Shorter Means SweeterPrint
By Langdon Hammer
March 6, 2017
Born in North Africa around 310 BCE, writing in Greek under the rule of the Ptolemaic pharaohs, Callimachus was a refined, cosmopolitan poet: allusive, self-conscious, and a master of verse technique. Coming at the end of a tradition dominated by Homer, he wrote against the dominance of the epic and praised what is small scale, subtle, and finely wrought.
He was also known for his catalog—120 volumes!—of the works in the library at Alexandria. Bibliography, however, wasn’t merely his day job; as the classicist Wendell Clausen once put it, “Callimachus was not a poet and a scholar; he was a poet because he was a scholar, a grammatikós, a man whose business was literature.”
The same may be said about Stephen Burt, a professor of English at Harvard, scholar and teacher of modern poetry, tireless reviewer of new books of poetry (with an open-minded curiosity unusual in this hyperpartisan field), and author of four volumes of poetry, counting a new collection that will be published this year, Advice from the Lights.
Burt’s “After Callimachus” poems are sometimes close translations of Callimachus’s poetry, known to us through papyrus fragments and copies and quotations in medieval texts. More often Burt is paraphrasing and adapting the Hellenistic poet, both honoring and updating his example. Contemporary and ancient worlds interpenetrate while remaining distinct and equally genuine. Like Callimachus in the proem to his Aetia (Causes), Burt insists that “the sublime, / the useful and the beautiful in poetry / are all inversely correlated / with size: shorter means sweeter.” Burt directs us to two musical models: Erik Satie, French modernism’s sad, whimsical miniaturist, creator of the experimental, classically inspired Gymnopédies, and Young Marble Giants, a Welsh rock band that made just one, now coveted, studio album, the title of which, Colossal Youth, referring to the radiant male statues that the ancient Greeks called kouroi, might have made Callimachus smile.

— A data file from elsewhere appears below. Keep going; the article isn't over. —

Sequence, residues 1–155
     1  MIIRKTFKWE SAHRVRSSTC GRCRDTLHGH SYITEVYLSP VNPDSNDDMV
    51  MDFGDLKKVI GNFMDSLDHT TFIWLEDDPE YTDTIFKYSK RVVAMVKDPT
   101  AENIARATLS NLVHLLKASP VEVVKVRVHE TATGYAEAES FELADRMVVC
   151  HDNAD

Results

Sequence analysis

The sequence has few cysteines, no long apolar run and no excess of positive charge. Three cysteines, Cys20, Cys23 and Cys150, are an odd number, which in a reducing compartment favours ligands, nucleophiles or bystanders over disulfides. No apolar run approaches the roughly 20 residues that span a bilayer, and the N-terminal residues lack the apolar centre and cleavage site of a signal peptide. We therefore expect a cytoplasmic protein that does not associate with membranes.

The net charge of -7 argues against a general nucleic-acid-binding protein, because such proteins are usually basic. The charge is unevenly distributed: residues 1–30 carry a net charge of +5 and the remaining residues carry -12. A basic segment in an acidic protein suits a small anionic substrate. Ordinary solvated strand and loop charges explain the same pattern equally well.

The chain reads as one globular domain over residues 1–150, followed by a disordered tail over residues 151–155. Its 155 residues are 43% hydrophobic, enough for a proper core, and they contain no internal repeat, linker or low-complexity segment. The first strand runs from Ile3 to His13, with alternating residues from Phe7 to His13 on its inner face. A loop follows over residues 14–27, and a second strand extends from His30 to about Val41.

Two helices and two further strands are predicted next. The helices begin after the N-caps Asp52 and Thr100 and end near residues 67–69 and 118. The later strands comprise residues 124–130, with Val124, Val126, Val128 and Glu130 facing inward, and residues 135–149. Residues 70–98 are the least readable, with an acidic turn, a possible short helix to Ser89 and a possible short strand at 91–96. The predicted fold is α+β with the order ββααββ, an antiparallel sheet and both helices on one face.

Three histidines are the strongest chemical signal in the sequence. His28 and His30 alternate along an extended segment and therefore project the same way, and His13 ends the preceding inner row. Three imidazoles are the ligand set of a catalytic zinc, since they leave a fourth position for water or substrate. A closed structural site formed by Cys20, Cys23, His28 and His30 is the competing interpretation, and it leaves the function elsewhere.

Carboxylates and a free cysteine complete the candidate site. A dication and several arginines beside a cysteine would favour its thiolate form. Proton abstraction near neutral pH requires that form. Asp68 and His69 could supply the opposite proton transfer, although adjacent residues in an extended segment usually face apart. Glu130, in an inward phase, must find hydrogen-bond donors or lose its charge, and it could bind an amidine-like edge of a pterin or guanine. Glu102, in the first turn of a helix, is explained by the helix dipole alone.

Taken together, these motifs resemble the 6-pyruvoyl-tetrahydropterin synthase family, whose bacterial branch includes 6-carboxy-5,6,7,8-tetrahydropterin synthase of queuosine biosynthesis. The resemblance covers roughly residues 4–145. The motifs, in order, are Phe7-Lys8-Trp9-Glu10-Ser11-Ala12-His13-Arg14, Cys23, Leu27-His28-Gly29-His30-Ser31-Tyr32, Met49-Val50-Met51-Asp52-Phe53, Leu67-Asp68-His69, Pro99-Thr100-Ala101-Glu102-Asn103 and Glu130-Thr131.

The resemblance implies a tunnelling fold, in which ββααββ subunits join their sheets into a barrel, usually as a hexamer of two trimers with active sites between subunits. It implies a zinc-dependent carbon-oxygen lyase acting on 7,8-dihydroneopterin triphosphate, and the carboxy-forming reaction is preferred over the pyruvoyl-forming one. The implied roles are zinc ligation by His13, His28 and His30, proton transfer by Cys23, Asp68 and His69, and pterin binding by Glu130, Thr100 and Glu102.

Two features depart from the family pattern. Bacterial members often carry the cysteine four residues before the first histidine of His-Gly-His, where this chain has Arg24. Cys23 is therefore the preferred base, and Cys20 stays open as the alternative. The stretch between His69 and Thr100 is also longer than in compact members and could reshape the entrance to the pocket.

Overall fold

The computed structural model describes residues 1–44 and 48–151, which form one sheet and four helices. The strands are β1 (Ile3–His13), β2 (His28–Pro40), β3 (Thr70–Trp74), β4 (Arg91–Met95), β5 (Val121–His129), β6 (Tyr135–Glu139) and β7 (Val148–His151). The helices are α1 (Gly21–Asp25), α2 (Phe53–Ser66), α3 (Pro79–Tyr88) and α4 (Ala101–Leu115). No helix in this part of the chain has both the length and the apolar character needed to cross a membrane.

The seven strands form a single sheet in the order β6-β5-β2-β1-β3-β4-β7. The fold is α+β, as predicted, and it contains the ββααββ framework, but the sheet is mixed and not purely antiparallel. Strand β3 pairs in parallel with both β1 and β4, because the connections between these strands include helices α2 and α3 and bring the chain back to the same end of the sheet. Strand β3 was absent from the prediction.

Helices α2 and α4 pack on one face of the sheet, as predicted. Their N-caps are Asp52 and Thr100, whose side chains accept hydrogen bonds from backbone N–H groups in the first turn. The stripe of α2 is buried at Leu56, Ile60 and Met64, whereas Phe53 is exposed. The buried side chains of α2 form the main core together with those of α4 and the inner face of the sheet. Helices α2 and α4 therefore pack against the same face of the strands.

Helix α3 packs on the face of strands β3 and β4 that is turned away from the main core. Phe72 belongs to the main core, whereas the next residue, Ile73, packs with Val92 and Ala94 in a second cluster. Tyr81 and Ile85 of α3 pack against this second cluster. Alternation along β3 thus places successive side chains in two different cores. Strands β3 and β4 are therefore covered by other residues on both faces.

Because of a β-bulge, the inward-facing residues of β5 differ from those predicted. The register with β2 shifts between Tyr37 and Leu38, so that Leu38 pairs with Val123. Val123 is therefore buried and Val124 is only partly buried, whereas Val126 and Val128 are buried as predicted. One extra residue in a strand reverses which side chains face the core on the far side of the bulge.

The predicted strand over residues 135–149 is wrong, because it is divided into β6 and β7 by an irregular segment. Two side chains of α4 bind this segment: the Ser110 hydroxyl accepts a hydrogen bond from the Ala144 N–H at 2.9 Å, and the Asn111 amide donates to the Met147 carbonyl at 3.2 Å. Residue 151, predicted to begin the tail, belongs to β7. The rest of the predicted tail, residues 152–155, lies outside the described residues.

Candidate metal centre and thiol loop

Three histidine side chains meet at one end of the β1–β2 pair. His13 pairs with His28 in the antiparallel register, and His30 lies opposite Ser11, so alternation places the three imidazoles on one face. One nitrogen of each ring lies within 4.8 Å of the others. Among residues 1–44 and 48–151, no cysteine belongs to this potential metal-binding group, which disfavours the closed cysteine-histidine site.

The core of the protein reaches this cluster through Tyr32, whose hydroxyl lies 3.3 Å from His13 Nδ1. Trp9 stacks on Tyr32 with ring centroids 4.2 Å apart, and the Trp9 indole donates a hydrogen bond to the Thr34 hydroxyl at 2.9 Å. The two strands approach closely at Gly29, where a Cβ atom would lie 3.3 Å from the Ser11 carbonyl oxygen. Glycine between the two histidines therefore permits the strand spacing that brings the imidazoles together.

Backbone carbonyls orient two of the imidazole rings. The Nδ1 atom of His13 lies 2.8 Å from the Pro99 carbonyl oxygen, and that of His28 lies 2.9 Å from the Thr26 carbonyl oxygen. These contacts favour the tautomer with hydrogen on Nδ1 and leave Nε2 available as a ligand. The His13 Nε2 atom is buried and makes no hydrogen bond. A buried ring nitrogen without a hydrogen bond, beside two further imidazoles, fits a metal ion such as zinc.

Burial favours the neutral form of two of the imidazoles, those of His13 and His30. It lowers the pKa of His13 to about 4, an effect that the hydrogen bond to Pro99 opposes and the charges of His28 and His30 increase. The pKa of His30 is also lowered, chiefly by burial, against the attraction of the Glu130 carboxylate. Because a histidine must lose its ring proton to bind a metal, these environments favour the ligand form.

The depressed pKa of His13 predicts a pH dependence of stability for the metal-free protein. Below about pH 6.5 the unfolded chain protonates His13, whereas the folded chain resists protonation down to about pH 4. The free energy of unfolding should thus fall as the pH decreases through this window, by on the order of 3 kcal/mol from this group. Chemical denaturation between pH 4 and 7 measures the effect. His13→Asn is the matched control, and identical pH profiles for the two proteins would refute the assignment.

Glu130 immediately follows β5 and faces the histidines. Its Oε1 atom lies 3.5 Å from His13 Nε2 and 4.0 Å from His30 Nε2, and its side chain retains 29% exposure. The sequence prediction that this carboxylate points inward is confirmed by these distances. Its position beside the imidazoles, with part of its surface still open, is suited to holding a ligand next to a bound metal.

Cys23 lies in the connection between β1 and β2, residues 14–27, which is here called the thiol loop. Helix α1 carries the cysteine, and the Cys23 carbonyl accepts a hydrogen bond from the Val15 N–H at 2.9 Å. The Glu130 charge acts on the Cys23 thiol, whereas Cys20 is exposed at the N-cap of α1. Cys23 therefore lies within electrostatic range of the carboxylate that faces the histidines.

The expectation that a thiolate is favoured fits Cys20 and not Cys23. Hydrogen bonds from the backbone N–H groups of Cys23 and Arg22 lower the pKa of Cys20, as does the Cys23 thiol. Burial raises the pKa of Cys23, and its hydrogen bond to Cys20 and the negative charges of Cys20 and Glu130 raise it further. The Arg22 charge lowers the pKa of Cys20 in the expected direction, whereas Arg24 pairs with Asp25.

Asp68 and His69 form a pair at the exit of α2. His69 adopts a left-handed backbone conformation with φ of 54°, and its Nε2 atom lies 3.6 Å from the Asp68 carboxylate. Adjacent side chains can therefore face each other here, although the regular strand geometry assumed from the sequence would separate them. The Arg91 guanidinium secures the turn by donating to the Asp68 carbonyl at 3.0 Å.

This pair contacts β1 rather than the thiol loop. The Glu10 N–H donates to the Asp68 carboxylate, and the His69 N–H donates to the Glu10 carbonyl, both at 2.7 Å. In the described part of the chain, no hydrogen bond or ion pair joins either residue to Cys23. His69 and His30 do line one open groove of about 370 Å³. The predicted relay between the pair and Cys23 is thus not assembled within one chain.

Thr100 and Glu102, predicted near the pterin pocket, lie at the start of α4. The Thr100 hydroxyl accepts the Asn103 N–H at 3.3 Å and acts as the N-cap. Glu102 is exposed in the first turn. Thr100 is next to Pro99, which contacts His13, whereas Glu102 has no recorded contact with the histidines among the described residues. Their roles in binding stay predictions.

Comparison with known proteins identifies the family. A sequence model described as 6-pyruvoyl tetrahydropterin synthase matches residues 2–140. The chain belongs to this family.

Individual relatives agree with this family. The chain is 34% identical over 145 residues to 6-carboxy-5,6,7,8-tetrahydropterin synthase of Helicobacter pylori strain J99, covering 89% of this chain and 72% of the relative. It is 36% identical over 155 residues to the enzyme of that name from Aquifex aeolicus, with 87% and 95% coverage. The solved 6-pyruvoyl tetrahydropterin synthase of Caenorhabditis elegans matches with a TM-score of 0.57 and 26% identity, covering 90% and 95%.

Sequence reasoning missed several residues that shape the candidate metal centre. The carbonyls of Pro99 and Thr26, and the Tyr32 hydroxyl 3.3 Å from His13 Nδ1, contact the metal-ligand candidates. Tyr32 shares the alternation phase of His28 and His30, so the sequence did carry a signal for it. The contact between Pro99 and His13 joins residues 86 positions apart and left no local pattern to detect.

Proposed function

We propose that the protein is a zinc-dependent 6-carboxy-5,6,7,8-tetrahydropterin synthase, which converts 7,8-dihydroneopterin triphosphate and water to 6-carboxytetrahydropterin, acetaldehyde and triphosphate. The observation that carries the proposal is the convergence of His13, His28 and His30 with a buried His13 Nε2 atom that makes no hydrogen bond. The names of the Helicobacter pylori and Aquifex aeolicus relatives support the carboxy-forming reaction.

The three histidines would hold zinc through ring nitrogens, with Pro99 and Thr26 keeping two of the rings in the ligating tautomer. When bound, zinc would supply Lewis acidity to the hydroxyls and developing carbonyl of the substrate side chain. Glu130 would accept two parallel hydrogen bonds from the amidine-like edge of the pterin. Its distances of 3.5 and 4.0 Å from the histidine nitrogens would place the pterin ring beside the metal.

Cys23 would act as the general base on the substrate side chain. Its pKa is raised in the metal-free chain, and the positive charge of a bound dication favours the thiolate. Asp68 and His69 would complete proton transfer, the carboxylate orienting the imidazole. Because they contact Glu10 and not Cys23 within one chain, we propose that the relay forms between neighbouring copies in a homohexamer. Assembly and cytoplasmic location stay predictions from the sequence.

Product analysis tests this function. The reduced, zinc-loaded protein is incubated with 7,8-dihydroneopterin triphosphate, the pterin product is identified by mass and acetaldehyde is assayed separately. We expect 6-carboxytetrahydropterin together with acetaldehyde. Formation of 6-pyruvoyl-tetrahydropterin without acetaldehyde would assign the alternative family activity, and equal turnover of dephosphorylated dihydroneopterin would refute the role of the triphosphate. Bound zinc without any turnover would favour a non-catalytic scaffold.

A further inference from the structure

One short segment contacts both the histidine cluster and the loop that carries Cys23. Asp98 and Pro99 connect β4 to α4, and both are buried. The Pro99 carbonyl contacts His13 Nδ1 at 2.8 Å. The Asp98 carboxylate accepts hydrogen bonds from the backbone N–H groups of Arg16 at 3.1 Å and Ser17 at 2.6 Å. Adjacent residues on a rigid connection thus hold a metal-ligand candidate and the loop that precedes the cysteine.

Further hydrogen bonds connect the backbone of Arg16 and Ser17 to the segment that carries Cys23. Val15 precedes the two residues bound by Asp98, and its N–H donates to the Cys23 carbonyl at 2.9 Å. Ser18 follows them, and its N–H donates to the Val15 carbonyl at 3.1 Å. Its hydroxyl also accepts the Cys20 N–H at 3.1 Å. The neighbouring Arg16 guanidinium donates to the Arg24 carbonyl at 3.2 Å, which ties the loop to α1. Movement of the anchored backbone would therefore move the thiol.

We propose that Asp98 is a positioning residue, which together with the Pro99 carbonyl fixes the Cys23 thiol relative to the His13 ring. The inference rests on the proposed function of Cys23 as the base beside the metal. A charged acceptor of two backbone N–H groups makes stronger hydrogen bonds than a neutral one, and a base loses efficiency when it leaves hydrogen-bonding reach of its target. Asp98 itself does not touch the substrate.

The freshness of the young and the wisdom of the old are aligned for Callimachus; Burt, being “past forty,” admires both without quite claiming either. Burt remarks about Callimachus sympathetically: “He liked to present himself as learned, clever, but also childlike, a latecomer, somebody civilized, somebody (perhaps unwillingly) on the sidelines while great events took place nearby”—the “sidelines” meaning for Callimachus the library and for Burt the university, places where poets go about their work in a tradition stretching far backward and forward in time.
“Anubis” is spoken by the ancient Egyptian god who, like a literary critic, sees to the fate of the dead in the afterlife. Burt describes Anubis succinctly, caustically, and self-referentially as “dog-jackal-god-judge.” The poem has nothing to do with Callimachus directly, but it draws on antiquity to comment on the ethics of a life whose business is literature. Think of Anubis as a teacher with a whole lot of papers to grade, who yet remains committed to “the future of the living”—the future of her or his students—as it might be tested and inspired by “the unsatisfiable / demands of the dead.”
Langdon Hammer is the poetry editor for The American Scholar.